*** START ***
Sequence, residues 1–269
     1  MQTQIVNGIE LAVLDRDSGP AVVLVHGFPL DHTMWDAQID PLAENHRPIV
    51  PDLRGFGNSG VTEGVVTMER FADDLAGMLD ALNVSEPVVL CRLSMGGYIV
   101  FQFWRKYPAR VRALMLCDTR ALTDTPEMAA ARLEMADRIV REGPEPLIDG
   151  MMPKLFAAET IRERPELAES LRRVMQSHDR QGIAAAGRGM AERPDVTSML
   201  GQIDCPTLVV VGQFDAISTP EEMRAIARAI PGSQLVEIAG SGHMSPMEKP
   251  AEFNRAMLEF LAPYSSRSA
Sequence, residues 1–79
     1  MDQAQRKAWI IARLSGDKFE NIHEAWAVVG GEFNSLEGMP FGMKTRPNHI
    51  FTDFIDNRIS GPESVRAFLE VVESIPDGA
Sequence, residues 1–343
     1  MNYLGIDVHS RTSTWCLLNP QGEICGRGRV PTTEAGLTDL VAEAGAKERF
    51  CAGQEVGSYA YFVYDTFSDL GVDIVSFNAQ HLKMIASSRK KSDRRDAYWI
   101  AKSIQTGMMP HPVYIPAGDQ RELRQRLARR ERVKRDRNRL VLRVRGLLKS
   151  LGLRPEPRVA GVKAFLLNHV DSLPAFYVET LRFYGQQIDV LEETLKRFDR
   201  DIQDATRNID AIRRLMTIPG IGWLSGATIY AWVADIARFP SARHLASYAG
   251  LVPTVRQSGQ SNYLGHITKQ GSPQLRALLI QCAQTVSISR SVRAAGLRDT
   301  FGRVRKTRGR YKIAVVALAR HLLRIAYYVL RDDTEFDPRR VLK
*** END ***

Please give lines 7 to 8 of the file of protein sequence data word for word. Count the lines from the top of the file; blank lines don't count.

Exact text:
   251  AEFNRAMLEF LAPYSSRSA
Sequence, residues 1–79